Mark is a farmer and agronomist from Withybrook in Warwickshire. After starting with ADAS in 1996 and working with NIABTAG, AICC and Agrii he was awarded a Nuffield Scholarship to evaluate the role agronomists play in stewarding pesticide use.
Think of Denmark and you might imagine bacon, pastries, Hamlet and Carlsberg. You might also think of a country which relies almost exclusively on ground sources for its drinking water supply; probably the best drinking water in the world. To maintain this particular public good, Danish farmers have been subject to environmental protection laws and restrictive practices on pesticide use for 35 years. One of the most valuable visits on my Nuffield Scholarship tour was with Søren Thorndal Jørgensen who leads the coalition of farming and agronomy interests and negotiates with the strong environmental protection lobbies in Danish politics. His experience is one which I believe will be crucial to gain in the next decade here in the UK. Pesticide use is under a political spotlight in the context of a new National Food Strategy, revision of the National Action Plan for sustainable pesticide use and from across the English Channel and North Sea with the EU’s Farm to Fork strategy and its 50% pesticide reduction target by 2030. UK legislative response is currently in gestation.
I sense a change in the attitude of farmers as well as legislators and the pesticide supply chain which is palpably different to that which I saw three or four years ago. That’s when I first made an organised attempt to evaluate our relationship with pesticides and the role that agronomists of all kinds play in that evolving affair. Successive product revocations and the build-up of resistant weeds, pests and diseases have had their effects on use. Temporarily use has increased (think of the pre-em and triazole “stacking” we talked about more enthusiastically a few years ago) but this last hurrah may be giving way to a progressive movement towards regenerative practices which rely less on pesticides and more on the adoption of resilient systems. Groundswell captures the zeitgeist. Although the mood seems to have changed, the data to support this apparent shift in attitudes is not as easy to detect; the Pesticide Use Survey reports increases in pesticide used on arable crops measured by both weight and treated hectares.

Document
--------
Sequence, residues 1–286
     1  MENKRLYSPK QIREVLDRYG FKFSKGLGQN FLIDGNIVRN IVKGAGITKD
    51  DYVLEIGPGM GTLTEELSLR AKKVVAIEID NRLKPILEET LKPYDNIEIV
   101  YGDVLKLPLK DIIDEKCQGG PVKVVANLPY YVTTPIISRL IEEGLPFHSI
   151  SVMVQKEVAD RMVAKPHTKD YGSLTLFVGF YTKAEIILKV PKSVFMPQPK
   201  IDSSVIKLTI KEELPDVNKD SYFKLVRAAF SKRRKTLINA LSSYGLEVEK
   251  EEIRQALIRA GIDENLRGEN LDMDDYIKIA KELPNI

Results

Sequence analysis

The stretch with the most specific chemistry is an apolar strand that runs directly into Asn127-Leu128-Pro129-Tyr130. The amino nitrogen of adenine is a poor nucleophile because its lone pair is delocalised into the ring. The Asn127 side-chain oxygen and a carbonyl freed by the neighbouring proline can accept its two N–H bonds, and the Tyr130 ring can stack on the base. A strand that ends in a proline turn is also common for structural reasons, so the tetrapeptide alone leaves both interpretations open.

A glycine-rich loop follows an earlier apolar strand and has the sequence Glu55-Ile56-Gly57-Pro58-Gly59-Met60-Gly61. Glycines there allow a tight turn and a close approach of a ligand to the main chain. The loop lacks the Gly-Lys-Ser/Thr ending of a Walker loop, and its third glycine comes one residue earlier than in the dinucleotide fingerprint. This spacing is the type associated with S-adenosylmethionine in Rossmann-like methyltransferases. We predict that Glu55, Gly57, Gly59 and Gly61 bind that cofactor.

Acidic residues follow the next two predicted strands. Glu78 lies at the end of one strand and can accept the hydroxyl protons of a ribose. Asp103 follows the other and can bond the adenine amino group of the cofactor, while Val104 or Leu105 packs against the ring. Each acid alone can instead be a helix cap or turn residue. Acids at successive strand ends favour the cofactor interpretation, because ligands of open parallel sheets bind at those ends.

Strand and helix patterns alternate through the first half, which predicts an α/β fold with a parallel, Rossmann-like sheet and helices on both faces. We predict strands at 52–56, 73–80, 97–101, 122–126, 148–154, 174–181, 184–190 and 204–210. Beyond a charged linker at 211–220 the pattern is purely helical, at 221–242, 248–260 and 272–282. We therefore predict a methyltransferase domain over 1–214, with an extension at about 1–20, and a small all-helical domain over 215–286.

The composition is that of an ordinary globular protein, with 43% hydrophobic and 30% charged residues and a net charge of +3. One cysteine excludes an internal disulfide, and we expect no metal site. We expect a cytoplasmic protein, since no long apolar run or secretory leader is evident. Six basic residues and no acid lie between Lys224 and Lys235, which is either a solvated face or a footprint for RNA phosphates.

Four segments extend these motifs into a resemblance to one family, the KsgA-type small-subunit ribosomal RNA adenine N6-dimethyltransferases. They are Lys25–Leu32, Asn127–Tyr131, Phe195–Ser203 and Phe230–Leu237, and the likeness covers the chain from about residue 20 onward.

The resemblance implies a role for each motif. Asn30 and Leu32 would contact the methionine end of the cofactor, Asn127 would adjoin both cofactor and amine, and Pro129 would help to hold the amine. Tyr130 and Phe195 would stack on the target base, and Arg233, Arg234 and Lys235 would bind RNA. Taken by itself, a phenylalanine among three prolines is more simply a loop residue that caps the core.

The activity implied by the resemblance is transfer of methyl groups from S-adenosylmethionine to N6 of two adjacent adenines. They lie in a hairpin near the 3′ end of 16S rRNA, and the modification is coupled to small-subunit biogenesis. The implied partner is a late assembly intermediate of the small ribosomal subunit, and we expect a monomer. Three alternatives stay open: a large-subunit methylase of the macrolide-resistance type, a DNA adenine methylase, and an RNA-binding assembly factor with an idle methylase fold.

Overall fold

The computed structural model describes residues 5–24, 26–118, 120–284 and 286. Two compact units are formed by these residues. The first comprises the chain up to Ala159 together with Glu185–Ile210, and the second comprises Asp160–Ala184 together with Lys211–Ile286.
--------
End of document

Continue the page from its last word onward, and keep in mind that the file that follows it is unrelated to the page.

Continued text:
The effects of pesticides on biodiversity are Implicit in their role and we all want, or at least are under pressure, to use less. But how?
Integrated Pest Management has long been heralded as the solution to pesticide reduction, but as the graph shows, in the decade prior to 2018 we used increasing amounts while simultaneously adopting IPM plans as a compulsory part of the Red Tractor assurance schemes. Other studies have also recorded concurrent increases in pesticide use and adoption of IPM practices. It’s perfectly possible to use more pesticides while simultaneously using more cultural controls. It’s clear we need to do more than fill out an IPMP to demonstrate our sustainable approach to pesticide use. Back to Denmark and of all the policies, good and bad, put in place since the 1980’s the word from the coal face is that the recipe for success is simple: engage with the debate, make reasonable changes, evolve the approach and communicate the success.
At the heart of the Danish experience has been the evolution of the metrics used to assess trends in use. Weight of product and treated area have limitations on their usefulness as they take no account of the equivalent effects of the products being used. A step in that direction was one which Denmark took in recording Treatment.
Frequency Index (TFI) which measures the number of full rate equivalent applications made to a crop. TFI is a progression from weight and treated area as a proxy for pesticide related harm. It takes some account of the relative equivalence of different pesticide products because it relates to the full recommended rate for a particular product which was authorised partly by reference to its potential unintended effects. TFI also has the benefit of being very easy to calculate. Software providers would have very little work to do to allow this measure to be generated as a report for scales right through from field,